The panel discussed where the main turning points for global order were emerging. It was broadly agreed that the US stays relevant because of its security contribution, but the contrast is with China.

23 October 2017

Speakers

Joseph Chin Yong Liow, Dean and Professor of Comparative and International Politics, S. Rajaratnam School of International Studies
Pawel Świeboda, Deputy Head of the European Political Strategy Centre, European Commission
Alexei Chekunkov, Chief Executive Officer, Far East and Baikal Region Development Fund
Mina Al-Oraibi, Editor-in-Chief, The National
Chair: Robin Niblett, Director, Chatham House

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The panel discussed where the main turning points for global order were emerging. In looking at the approach of the United States under the Trump administration, it was pointed out that in some regions, like the Middle East, Trump’s more transactional approach was received as more honest than the Obama administration and previous presidencies, whose words were often not backed up by action.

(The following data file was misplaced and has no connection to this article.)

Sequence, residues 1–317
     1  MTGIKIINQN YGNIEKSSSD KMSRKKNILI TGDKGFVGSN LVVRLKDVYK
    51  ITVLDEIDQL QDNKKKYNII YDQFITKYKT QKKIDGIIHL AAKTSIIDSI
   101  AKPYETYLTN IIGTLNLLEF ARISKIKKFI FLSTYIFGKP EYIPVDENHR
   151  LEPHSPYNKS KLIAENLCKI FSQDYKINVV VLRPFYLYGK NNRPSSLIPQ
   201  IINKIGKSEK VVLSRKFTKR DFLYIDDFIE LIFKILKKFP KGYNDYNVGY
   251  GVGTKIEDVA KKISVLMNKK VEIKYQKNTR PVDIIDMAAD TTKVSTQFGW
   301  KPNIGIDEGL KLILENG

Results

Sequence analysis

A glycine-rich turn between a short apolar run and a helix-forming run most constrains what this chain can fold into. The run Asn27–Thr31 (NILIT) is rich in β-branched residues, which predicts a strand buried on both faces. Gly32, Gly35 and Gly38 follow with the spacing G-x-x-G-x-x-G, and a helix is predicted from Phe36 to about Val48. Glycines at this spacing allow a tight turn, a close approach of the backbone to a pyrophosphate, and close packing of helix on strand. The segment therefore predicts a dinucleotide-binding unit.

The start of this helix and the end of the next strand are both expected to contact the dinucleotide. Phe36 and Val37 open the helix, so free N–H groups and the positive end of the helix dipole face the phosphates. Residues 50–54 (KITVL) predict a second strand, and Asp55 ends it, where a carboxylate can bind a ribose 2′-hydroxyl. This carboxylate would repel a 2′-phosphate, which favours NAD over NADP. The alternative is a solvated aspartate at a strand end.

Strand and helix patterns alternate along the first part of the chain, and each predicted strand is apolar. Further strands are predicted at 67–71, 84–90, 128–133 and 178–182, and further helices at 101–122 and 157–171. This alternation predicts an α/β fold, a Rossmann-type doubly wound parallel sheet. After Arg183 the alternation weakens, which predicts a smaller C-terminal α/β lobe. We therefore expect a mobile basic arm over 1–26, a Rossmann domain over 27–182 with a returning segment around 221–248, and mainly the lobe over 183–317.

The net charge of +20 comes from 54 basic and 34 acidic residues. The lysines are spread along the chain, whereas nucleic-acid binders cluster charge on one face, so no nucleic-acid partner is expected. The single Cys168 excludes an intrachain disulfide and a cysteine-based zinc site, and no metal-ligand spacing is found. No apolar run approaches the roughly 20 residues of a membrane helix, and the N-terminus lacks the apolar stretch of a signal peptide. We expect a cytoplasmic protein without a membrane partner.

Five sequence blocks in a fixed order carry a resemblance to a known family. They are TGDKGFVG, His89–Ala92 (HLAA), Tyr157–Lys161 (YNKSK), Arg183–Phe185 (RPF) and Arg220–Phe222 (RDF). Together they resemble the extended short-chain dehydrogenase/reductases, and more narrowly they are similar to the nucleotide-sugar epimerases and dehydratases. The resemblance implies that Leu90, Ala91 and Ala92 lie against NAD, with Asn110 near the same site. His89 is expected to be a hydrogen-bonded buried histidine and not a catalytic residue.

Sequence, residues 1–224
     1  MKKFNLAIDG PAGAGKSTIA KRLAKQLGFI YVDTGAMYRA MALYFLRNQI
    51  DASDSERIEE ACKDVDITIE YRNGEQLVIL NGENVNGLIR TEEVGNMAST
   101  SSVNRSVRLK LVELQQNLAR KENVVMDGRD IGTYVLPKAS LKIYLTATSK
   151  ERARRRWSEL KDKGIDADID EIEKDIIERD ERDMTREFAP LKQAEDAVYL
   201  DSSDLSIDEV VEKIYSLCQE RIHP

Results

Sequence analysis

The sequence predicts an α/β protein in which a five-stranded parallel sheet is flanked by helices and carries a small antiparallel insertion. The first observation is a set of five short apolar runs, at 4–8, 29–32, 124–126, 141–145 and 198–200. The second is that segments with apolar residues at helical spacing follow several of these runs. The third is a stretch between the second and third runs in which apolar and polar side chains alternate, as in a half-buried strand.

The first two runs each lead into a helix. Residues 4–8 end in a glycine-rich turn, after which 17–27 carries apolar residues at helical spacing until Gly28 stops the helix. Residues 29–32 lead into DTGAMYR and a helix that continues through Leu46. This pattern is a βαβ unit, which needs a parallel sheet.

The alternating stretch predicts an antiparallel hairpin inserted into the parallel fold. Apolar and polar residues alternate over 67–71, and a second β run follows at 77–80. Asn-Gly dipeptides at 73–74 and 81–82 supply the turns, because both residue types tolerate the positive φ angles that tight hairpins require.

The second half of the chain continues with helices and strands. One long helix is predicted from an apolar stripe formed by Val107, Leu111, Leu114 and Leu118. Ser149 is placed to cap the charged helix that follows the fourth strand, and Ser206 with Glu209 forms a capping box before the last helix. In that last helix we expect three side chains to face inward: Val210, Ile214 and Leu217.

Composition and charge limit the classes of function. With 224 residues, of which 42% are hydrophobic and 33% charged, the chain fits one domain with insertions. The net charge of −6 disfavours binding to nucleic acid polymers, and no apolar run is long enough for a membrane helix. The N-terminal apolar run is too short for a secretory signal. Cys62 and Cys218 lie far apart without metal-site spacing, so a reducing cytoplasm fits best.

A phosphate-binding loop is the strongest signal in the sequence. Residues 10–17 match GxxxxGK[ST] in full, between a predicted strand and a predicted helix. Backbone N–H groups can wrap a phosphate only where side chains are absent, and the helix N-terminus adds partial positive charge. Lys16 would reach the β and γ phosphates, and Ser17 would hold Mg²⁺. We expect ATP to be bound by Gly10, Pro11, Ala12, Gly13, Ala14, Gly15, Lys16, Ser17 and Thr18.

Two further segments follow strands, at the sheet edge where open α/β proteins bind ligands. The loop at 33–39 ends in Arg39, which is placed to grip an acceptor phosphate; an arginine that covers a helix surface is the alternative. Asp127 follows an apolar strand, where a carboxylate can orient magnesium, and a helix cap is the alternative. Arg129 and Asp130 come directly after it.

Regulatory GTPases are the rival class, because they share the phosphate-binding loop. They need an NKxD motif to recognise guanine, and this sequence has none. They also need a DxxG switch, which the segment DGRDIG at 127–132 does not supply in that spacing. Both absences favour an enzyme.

It was broadly agreed that the US stays relevant because of its security contribution, but in economic terms, the contrast is with China, which is felt to have less of an interest in trying to export its way of life.

As some of the economic anxiety in Western countries can be drawn to the rise of China and other newly industrialized countries, the relationship and interplay between China and the US is inescapable.

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